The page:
Dry Processing

Sanitary ribbon blender helps processor meet GMP and HACCP standards

December 5, 2012
KEYWORDS blending / HAACP / mixing
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munson model blender dry processing
Munson Model HD-3 1/2-7-SS horizontal ribbon blender blends materials of widely varying bulk densities. The blender occupies its own sanitary room to minimize cross-contamination and comply with GMP, HACCP and other standards. (Inset): A stainless steel, split double helical agitator subjects every particle of material to agitation.
Source: Munson Machinery.

Versatile and easy to clean blender saves changeover time and increases production output.

Quality Custom Blending Ltd. is a family-owned and operated business specializing in the custom blending of dried powdered food products, including drink crystals, rice products, pastry/dough improvers and various powdered blends for the food and beverage industry. Founded in 1976, the company has grown to become a major supplier to US, Canadian, European and Asian food companies from its two locations in Trenton and Mississauga, ON.

A major factor influencing the company’s growth is its insistence on maintaining high quality standards, including GMP and HACCP. The processor takes great steps to assure compliance with these standards, including the visual inspection of all incoming and blended materials, sifting and monitoring materials for particle size and integrity, passing them through a rare-earth magnet for product safety and blending them in validated, sanitary and well-maintained ribbon blenders, each in its own sanitary room to prevent any possibility of cross-contamination.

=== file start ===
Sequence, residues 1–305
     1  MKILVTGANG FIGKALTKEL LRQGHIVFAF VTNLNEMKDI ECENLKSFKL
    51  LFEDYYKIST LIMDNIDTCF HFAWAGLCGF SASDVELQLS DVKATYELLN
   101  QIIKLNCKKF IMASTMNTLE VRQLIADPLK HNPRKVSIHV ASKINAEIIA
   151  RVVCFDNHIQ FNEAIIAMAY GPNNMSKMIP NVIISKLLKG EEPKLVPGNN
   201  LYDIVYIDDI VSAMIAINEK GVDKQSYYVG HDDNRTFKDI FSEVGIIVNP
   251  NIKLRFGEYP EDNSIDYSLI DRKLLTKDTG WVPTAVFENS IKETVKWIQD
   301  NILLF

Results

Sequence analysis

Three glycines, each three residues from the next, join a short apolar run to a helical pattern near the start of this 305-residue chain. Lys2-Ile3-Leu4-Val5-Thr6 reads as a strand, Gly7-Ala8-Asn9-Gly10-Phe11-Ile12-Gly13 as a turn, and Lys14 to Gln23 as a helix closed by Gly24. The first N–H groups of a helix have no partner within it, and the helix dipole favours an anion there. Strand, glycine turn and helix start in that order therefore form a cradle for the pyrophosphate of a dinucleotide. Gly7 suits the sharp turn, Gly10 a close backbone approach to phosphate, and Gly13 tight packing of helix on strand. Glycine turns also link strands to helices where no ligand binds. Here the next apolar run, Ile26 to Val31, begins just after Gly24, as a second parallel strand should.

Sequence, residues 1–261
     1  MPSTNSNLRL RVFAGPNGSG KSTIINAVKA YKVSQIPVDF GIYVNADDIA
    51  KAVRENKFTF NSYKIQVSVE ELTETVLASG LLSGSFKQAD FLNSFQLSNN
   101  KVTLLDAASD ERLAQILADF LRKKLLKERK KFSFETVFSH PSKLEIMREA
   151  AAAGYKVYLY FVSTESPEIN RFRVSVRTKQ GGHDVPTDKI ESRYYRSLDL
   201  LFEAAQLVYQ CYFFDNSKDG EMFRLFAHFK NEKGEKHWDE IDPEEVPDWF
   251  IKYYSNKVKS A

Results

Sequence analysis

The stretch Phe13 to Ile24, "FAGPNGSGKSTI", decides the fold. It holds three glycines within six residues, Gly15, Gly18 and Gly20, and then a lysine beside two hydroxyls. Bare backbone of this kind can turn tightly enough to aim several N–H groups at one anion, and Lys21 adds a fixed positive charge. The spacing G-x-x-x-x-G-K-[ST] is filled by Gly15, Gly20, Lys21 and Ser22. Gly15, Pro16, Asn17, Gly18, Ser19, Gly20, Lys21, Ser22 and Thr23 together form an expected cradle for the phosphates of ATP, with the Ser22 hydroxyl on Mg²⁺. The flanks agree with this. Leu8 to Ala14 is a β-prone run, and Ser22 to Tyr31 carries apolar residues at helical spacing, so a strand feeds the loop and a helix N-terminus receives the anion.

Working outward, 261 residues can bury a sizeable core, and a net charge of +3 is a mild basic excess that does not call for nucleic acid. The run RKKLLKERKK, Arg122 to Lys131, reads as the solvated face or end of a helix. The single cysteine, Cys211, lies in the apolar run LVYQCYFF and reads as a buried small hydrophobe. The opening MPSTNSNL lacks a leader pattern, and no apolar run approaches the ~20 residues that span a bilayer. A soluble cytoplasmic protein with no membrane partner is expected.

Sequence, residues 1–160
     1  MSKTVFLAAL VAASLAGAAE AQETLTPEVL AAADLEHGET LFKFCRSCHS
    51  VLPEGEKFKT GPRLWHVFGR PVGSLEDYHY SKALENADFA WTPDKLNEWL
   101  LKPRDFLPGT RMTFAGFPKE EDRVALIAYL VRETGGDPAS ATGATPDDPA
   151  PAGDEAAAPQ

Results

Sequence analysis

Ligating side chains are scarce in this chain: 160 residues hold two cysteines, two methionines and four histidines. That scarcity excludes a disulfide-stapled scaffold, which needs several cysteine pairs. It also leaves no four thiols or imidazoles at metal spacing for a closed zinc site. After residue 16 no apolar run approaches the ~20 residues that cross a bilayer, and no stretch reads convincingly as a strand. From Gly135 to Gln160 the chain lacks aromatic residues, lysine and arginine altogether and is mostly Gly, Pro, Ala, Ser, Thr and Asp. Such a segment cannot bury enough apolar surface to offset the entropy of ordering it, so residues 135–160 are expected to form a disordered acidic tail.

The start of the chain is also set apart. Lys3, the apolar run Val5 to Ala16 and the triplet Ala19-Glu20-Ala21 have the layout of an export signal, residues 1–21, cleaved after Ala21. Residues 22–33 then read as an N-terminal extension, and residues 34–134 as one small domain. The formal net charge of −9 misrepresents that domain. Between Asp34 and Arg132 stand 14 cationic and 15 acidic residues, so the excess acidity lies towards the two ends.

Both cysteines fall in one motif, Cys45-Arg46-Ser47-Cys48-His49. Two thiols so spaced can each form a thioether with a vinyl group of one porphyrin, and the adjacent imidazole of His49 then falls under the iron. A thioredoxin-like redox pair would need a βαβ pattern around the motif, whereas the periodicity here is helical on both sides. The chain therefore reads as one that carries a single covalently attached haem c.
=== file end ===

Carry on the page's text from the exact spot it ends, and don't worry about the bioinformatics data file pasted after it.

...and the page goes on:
“In 2006, we had grown to the point where we needed to add a second ribbon blender to our Trenton facility, in addition to the three already installed at Mississauga,” says David Butler, Trenton plant manager. “We compared machines available from several manufacturers, including the supplier of our original four machines. It looked like the Munson Model HD-3 1/2-7-SS horizontal ribbon blender with a capacity of 65 cu. ft. might be the best fit for our needs.”
“We blend a wide array of food products,” explains Butler. “Batch sizes can vary from as little as 550 lbs. to 2,200 lbs. [the full capacity of the blender], but usually average about 2,200 lbs. The amount of material being added can range from as little as 0.25 percent of the final blend all the way up to 50 percent, so we need versatility, which is one of the reasons we selected the Munson blender.
“We don’t measure the bulk densities of the ingredients provided by our customers,” says Butler, “but they vary widely, and the blender can easily handle all of them. In one case, 1,325 lbs. of a very dense material was loaded into the blender. Because we chose the option of centrifugal clutch motor couplings for startup under load, the blender started immediately.
“We try to schedule our production runs to minimize the number of product changeovers, and have the capability to run as many as three different products in one day. We usually average about eight to 10 batches before switching products. A long run may last as long as three or four days.” With each batch, an operator activates the blender, and the agitator blades begin to rotate when the blender is half-full. A typical batch takes about an hour. 
When a batch is completed, the blended product is discharged through a slide gate and fed through a magnet to detect any metal particles, then fed directly through chutes into the final packages supplied by the customer. 
Changeover between products is fast and easy. “Because of the tight tolerance of 1/16 to 1/32 in. between the ribbon blades and the blender wall, very little material from the previous run remains to be cleaned out. We simply remove the ends to power wash and sanitize the interior of the blender,” Butler says.

For more information: 

Steve Knauth, 315-797-0090, info@munsonmachinery.com

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